Cost of living crisis in Northern Ireland: a consumer journey

Consumers in Northern Ireland are being impacted by rising costs, at a time when they already have the lowest gross weekly income compared to the UK average. Captured through interviews and video diaries, the real-life journeys in this article show how affordability permeates all aspects of the consumer experience and highlights how people are making difficult financial decisions and sacrifices with their food shopping behaviours. With the prospect of a second Northern Ireland Assembly election within a year, we reflect on the challenges any future Executive faces in delivering for the people of Northern Ireland.

An illustration of a stack of coins pushing up food prices
Photo of Vanessa Martinez Vanessa Martinez
Senior Research Executive

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The cost of living crisis is having a very real impact on consumers in Northern Ireland who are changing their food shopping behaviours as prices continue to climb. While consumers throughout the UK are feeling the pinch, it appears that those in Northern Ireland may be feeling this more acutely, particularly in light of the current political backdrop.

Video-diaries and in-depth interviews allowed us to go beyond statistics and capture people’s personal, human, experiences in the face of this crisis.

Earlier this year we worked with a group of people across Northern Ireland to capture how the cost of living crisis is personally impacting their day-to-day living in real-time. This digital ethnography research used video-diaries and in-depth interviews which allowed us to go beyond statistics and capture people’s real, human, experiences in the face of this crisis.

As people juggle the rising costs of food, fuel and energy, the current financial climate is influencing when, where, and how often consumers shop for groceries as well as what items people are buying. Underpinning this bleak outlook is the political stalemate in Northern Ireland, which has impacted policy implementation and legislative change in the region, complicating the matter further.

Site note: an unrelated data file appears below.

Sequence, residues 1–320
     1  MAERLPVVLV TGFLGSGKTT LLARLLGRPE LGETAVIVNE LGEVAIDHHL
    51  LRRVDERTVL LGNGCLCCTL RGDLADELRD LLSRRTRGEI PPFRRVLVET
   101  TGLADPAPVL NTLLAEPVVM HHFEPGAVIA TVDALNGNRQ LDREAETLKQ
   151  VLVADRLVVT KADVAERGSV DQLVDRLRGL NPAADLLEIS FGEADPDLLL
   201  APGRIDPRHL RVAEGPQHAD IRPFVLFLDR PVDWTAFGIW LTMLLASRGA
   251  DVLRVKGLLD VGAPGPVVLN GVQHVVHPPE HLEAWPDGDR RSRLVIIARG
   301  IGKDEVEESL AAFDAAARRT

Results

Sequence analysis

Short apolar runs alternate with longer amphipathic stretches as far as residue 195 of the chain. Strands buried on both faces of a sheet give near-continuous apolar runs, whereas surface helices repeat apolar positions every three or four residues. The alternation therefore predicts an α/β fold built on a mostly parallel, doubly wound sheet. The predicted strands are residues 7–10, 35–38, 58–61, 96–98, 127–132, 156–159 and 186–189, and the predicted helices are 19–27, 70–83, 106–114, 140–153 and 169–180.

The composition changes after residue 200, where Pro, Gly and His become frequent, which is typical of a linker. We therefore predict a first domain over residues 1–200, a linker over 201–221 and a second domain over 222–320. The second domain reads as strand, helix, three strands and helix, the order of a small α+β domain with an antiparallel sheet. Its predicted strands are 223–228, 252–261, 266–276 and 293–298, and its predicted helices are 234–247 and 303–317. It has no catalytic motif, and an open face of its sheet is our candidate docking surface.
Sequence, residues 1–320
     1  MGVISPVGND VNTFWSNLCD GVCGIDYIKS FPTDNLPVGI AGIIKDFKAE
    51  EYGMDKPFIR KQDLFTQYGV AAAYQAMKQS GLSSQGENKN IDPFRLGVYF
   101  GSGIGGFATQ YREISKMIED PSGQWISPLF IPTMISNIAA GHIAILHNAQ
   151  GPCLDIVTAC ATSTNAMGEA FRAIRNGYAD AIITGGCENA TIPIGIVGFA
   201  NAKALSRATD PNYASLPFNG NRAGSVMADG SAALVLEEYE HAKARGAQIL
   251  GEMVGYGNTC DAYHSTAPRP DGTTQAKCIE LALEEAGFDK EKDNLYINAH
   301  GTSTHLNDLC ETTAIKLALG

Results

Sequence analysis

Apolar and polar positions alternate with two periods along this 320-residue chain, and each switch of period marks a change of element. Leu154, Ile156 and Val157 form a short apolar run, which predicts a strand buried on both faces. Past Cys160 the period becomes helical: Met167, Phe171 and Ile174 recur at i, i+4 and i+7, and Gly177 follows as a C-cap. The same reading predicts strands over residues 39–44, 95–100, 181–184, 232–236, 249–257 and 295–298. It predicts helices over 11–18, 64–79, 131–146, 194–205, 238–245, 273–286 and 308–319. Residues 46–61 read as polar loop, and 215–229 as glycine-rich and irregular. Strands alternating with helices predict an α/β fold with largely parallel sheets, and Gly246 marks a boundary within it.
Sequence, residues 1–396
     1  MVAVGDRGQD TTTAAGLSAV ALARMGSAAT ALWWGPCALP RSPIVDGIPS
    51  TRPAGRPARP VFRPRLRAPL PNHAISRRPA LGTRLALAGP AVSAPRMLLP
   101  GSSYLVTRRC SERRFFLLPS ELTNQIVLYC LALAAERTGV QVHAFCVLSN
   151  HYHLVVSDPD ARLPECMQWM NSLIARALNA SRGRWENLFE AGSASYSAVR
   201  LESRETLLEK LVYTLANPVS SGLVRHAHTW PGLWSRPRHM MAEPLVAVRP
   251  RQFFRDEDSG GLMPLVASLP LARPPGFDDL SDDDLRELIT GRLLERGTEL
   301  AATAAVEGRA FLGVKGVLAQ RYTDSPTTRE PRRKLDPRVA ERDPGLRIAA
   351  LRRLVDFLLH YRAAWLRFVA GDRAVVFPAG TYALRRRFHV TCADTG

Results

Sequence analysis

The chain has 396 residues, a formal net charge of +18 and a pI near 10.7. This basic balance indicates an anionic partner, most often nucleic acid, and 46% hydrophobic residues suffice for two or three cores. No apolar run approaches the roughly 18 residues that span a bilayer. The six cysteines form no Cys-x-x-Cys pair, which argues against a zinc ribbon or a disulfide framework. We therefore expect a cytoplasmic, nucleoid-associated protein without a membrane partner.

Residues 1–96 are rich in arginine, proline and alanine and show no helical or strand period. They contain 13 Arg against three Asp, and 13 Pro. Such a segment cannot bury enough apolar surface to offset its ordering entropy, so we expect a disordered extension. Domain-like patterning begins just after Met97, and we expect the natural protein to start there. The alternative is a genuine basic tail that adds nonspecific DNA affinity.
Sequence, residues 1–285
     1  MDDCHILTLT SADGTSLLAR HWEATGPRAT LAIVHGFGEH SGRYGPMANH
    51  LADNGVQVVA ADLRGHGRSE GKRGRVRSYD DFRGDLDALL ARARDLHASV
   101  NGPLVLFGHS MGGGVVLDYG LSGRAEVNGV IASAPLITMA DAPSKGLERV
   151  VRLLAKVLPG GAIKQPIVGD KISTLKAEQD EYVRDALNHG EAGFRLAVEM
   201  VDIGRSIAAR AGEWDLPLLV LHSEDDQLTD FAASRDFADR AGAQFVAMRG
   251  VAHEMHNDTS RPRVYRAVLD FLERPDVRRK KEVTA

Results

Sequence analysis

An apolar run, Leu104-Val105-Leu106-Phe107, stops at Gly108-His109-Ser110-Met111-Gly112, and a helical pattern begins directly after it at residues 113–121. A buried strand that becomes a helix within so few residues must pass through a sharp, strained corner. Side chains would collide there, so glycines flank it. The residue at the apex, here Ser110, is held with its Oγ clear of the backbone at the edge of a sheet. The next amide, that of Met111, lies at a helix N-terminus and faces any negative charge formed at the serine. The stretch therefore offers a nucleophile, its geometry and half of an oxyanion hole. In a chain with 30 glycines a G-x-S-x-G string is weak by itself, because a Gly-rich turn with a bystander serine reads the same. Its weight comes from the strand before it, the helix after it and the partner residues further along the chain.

Northern Ireland households, who have the lowest discretionary income of any region in the UK.

At the time of writing, Northern Ireland has not had a functioning Executive since 3rd February 2022, and political instability has led to issues relating to the distribution of funding, which is particularly crucial at this challenging time. Northern Ireland consumers struggle with the lowest gross weekly income compared to the UK average (£235 compared to £260 UK average)64. Meanwhile, data from the Living Costs and Food Survey shows that the average household in NI spends relatively more on food and non-alcoholic beverages (15% in Northern Ireland, compared to 12% in the UK)65. Data published in Asda’s Income Tracker in July 2022 also highlights the reduced spending power of Northern Ireland households, who have the lowest discretionary income of any region in the UK – and have seen weekly discretionary income fall below £100 for the first time since Q2 201766.